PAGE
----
Letter writer opposes Tsichlis’ effort to change Missouri’s TIF law

Letters+to+the+editor

To the editor:

Lindbergh Board of Education Treasurer Mike Tsichlis trying to change the state’s tax-increment financing, or TIF, law proves beyond a doubt that public school boards do not have the interest of the people and businesses who support these schools at heart.

Are schools operating their own state? It seems they want to become decision-makers of how cities decide to expand business and communities. If TIFs were not available, there would not even be a dirt pile at the former Crestwood mall site. Not one penny came from public schools to raze the buildings on the site.

If TIFs were not available, Gravois Bluffs would not exist. Now would Mr. Tsichlis like to tally up the additional school-tax revenues solely attributed to Gravois Bluffs? Would he like to tally the large student growth attributed to Gravois Bluffs in Lindbergh Schools?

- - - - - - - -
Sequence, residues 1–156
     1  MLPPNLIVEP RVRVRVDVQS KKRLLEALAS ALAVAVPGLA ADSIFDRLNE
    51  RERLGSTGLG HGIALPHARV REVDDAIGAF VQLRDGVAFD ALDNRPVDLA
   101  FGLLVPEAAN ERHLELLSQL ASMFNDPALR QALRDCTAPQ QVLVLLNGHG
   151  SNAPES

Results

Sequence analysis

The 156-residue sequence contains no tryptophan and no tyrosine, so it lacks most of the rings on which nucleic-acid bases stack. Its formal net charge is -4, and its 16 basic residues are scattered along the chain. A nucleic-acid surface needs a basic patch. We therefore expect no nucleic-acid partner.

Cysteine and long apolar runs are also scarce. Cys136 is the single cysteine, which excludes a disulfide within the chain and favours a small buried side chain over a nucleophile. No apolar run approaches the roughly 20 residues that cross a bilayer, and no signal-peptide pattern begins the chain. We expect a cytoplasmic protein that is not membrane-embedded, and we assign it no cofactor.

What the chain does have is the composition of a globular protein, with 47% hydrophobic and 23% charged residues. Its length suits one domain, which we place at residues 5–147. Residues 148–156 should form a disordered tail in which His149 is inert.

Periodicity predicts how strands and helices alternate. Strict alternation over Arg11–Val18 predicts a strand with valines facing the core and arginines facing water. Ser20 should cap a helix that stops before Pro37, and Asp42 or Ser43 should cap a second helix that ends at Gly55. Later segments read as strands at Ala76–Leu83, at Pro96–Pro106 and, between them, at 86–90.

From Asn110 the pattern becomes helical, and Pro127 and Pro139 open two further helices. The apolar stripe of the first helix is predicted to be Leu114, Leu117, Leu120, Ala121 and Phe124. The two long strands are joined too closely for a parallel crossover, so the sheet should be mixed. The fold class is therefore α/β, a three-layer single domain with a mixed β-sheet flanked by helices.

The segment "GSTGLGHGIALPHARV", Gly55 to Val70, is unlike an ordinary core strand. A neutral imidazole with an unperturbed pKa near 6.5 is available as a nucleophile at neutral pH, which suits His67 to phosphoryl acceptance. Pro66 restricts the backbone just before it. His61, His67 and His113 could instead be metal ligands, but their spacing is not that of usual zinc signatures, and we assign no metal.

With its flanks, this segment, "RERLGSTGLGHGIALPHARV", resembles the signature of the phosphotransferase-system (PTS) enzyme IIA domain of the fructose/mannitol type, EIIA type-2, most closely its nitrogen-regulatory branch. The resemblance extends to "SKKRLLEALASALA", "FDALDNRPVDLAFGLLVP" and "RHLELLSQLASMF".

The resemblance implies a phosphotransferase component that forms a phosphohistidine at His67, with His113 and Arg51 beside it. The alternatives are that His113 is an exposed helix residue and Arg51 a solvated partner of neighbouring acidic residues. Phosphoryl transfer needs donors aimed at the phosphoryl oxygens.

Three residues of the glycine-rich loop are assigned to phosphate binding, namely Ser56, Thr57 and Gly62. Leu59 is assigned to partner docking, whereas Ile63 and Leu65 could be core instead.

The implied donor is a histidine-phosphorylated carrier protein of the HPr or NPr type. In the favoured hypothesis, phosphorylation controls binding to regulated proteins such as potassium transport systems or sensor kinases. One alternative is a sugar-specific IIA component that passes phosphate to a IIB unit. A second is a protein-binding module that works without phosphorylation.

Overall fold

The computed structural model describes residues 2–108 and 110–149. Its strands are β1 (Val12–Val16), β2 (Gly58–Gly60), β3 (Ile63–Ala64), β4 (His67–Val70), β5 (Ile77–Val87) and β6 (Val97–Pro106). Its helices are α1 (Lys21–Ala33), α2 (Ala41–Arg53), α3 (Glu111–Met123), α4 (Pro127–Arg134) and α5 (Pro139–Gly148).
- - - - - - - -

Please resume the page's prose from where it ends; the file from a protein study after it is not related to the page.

It’s massive. Our public schools have boldly appointed themselves as the thumbs up/down authorities to growing a community. Eventually any vacant area becomes hostage to a public enterprise. Mr. Tsichlis needs to know that any vacant property yields zero tax dollars today and zero tax dollars tomorrow.

The Crestwood mall has been vacant over 10 years. That’s 10 years of zero dollars. Therefore, Lindbergh has lost zero, right?

So if the new state law gives Lindbergh the right to refuse TIF arrangements, cities get zero dollars and schools get zero dollars.

Every Lindbergh resident better wake up. Public schools are now in control of your children. Beware that any TIF state law changes will force Lindbergh residents to eventually support the school with massive tax increases assessed on vacant property.

One final point: The new $8 million Lindbergh Schools Central Office building was an additional mortgage on every one of your homes. That’s right, the annual real estate tax on your property is lien-mortgaged. Allowing your school board to loan money to build is exactly the same as you mortgaging your home.

Not a one of you can say, “I am mortgage free.” You are not.

Peter Russo

Affton